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“A huge step.” Guatemalan relatives lose hope of justice | Court news


Guatemala, Guatemala – Marcia Mendes never stopped searching for her sister.

Now, decades after the disappearance of Luz Heidi by the Guatemalan military, justice may be on the horizon after a Guatemalan judge ordered a trial this month for crimes committed in the 1980s.

“This is a huge step forward for us,” Mendes told Al Aze Azira after a court hearing near the Guatemalan courthouse last week.

Luz Haydee Mendez Calderon was arrested and disappeared in 1984 45,000 people disappeared During the civil war in Guatemala. Some 200,000 people were killed in the 1960-1996 armed conflict.

Mendes Calderon was then Secretary of State for International Relations for the Guatemalan Labor Party, which was ousted after a US-backed coup in 1954 and became one of the armed groups involved in the clash with the 36-year-old army. in:

She was also the mother of two children. During the abduction, his nine-year-old daughter was sexually assaulted and held together with her younger brother for several days. The children reappeared, but their mother never did.

Leaked documents in 1999 fueled the family’s search for truth.

Luz Heidi Mendes Calderon was arrested and disappeared in 1984, and one in 45,000 people went missing during the Guatemalan civil war. [Sandra Cuffe/Al Jazeera]

The Diario Militar, or Death Squad Diary, documented the abductions, torture, disappearances, and executions of 183 people between 1983 and 1985, including Mendes Calderon. Belonging, photo, date of abduction և location և other key details.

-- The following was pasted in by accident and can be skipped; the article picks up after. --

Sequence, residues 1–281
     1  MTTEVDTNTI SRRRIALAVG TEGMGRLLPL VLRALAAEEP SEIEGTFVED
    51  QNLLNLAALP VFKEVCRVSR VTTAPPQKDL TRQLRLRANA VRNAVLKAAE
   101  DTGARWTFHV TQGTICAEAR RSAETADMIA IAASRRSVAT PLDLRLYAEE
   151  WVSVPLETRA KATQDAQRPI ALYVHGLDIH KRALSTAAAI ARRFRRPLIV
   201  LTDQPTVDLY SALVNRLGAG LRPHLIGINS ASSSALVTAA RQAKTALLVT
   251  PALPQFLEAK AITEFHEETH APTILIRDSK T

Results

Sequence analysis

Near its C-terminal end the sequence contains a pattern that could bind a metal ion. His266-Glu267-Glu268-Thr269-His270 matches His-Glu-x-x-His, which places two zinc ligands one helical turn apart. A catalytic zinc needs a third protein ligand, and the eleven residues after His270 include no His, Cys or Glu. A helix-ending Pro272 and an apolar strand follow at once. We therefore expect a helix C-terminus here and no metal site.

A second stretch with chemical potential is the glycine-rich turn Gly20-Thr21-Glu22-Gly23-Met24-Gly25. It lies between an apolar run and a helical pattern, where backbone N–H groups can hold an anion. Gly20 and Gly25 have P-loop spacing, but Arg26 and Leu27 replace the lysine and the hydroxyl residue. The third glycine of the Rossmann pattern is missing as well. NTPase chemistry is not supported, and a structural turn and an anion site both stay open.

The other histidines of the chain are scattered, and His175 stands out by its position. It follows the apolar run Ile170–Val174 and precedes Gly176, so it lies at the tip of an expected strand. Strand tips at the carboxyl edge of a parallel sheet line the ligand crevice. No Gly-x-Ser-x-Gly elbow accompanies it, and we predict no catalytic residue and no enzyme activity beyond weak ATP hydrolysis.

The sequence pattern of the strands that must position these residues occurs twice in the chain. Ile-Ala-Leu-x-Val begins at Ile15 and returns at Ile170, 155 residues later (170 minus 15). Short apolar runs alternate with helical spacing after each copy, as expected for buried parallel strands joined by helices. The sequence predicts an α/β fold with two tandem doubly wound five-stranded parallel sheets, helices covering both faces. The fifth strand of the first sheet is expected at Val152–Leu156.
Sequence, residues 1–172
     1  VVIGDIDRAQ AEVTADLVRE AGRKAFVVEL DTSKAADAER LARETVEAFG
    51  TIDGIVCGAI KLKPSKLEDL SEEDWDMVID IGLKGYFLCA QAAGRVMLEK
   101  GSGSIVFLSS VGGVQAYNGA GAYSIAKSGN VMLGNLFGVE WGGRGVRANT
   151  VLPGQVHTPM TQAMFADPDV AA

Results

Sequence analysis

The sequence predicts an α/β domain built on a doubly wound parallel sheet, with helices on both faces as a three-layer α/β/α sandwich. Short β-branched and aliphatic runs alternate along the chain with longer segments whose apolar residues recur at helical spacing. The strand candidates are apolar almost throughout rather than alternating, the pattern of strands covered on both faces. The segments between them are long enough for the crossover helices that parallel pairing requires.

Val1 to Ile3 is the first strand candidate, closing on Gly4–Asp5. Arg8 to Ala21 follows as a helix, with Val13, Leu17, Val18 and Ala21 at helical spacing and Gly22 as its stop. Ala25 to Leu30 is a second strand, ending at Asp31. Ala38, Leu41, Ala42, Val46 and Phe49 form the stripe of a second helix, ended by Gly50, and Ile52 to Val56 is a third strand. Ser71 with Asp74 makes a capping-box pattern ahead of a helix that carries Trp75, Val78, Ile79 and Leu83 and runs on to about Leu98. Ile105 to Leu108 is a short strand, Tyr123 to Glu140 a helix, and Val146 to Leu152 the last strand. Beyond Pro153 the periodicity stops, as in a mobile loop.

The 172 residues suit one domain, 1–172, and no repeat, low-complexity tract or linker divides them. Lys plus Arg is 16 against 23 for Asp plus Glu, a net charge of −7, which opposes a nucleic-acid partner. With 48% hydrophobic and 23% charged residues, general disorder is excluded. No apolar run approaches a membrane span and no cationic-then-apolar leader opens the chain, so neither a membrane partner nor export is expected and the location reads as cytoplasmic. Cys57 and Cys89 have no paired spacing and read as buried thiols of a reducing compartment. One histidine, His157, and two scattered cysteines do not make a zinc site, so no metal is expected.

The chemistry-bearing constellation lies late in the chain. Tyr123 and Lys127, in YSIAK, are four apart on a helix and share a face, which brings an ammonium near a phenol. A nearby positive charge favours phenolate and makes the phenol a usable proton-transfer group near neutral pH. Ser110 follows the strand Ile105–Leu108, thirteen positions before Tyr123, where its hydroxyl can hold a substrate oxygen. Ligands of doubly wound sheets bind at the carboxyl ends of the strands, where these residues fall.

On June 9, a Guatemalan judge ordered six former military officers to stand trial for their role in the death squad’s diary. The move was marked by relatives of the victims who repeated the repatriation of their loved ones’ bodies and returned them.

“It seemed impossible”

Most, but not all, of the victims recorded in the death squad diary were members of destructive groups, supporters, student movement organizers, trade union leaders, writers, and other dissidents. Some were just children.

According to the document, in most cases, the victims were held for weeks and then killed. So far, however, the remains of only eight victims of the Death Squad diary have been exhumed, including six found in secret graves at a former military base 70 km west of the capital Guatemala City.

All six defendants were charged with crimes against humanity, and five of them with enforced disappearance. They are all charged with murder, attempted murder, or both. The charges relate to 20 individual victims based on eyewitness accounts and documents collected over more than two decades.

“Winning this fight in almost 40 years is a success,” Mendes said after the judge’s decision. “It seemed impossible to us for so many years.”

Marcia Mendes (center inside) մյուս Other relatives of victims of enforced disappearance in Guatemala pose. “Where are they?” Poster. [Sandra Cuffe/Al Jazeera]